Lin Wins U.S. DOT Inclusive Design Challenge
Assistant Professor Xue “Shelley” Lin, electrical and computer engineering, in collaboration with University of Maine Professor Nicholas Giudice, won the U.S. Department of Transportation’s (DOT) Inclusive Design Challenge for their project “Autonomous Vehicle Assistant (Ava): Ride-Hailing and Localization for the Future of Accessible Mobility” and received a $300K Stage I cash prize and advanced to Stage II as a Semifinalist.
According to the DOT, an estimated 25.5 million Americans experience a travel-limiting disability that impacts their access to employment, medical care, and other activities of daily living. The current COVID-19 pandemic has further highlighted the critical need for vulnerable populations to have on-demand transportation services to access healthcare, pharmacies, grocery stores, and other essential services. Automated vehicles, particularly those designed to be operated exclusively by Level 4 and Level 5 Automated Driving Systems (ADS), hold great promise to enhance freedom of movement for these individuals.
The DOT’s Inclusive Design Challenge sought innovative, inclusive design features to enable people with physical, sensory, and cognitive disabilities to use automated vehicles, particularly ADS-dedicated vehicles (ADS-DV).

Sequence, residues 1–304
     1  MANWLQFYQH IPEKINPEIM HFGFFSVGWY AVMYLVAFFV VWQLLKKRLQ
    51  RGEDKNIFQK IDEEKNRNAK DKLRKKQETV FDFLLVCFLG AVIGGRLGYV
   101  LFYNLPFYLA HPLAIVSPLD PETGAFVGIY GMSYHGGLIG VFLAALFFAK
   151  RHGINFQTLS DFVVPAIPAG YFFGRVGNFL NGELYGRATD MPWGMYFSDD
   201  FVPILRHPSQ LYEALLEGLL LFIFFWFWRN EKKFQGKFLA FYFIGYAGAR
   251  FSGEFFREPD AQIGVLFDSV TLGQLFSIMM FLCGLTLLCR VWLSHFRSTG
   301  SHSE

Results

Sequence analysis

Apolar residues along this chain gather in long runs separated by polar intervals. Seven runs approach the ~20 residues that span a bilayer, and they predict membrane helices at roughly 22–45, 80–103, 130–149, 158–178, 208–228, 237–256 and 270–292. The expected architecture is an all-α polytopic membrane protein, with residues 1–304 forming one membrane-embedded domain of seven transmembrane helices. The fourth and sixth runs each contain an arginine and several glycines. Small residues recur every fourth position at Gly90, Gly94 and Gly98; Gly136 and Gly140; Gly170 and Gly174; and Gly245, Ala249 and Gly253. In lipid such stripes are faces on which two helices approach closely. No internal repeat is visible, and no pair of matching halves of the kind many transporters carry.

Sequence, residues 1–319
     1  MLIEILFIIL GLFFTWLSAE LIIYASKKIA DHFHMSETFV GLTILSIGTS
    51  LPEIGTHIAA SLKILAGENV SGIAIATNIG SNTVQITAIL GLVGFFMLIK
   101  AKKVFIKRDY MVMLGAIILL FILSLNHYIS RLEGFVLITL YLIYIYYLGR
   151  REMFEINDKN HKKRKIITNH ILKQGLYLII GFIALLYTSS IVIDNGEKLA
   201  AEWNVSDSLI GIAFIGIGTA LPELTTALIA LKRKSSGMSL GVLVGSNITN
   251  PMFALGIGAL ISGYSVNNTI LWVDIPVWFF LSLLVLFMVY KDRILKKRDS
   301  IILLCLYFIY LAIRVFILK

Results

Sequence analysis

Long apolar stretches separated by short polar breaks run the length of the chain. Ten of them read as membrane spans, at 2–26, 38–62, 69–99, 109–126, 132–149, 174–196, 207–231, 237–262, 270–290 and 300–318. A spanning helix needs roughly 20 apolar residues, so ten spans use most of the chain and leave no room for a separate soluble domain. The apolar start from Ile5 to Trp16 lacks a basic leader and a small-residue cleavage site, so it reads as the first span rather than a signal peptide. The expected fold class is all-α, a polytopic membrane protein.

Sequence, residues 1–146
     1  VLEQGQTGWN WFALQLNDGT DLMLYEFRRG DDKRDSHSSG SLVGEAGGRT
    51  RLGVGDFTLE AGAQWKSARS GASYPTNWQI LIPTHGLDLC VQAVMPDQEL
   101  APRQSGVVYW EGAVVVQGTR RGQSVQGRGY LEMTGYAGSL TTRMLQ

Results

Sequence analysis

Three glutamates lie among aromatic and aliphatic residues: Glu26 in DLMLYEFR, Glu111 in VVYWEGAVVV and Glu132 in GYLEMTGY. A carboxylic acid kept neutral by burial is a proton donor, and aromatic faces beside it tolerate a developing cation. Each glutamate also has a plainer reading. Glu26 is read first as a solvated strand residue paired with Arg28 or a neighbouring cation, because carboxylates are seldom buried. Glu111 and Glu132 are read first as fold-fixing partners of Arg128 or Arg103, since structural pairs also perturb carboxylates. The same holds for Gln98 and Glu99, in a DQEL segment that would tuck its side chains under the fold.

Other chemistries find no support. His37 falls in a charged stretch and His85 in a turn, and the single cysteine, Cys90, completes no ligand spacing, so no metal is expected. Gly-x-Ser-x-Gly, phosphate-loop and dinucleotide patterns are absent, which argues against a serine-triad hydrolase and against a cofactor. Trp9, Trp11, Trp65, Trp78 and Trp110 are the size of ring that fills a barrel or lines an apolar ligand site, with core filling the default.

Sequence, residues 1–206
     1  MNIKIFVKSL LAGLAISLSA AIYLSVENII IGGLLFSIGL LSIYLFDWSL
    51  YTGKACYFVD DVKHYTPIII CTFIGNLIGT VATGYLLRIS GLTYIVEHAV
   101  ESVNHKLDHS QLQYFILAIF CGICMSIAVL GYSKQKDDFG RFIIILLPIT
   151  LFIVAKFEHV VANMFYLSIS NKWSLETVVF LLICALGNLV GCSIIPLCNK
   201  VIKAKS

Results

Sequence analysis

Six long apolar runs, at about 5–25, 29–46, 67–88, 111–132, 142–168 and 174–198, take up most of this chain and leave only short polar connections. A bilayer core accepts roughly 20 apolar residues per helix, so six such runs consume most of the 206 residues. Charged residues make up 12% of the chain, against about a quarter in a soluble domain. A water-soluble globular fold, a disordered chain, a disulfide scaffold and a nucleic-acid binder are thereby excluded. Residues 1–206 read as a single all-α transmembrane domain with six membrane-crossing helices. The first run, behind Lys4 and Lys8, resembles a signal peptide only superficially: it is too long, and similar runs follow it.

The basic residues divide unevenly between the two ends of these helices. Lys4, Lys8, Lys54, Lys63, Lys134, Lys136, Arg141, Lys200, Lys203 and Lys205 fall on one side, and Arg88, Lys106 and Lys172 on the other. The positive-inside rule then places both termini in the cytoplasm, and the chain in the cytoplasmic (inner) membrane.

As a Stage I winner, Northeastern’s Lin and the project team will develop “Ava”, the Autonomous Vehicle Assistant, an innovative ride-hailing and localization smartphone application designed to seamlessly assist passengers with visual impairment and older adults during pre-journey planning, travel to pick-up locations, and vehicle entry. It will use innovative human-machine interfaces and technologies such as GPS and computer vision to help users find and ultimately arrive at an ADS-DV safely. The initial rollout of Ava’s training modules can be fully deployed and utilized via users’ existing smartphones, representing a cost-effective and timely solution to the problem of trust in automated vehicles.
The project builds upon a seed-grant funded joint project between Northeastern and the University of Maine to improve accessibility, safety, and situational awareness within the self-driving vehicle with a new model of human-AI vehicle interaction.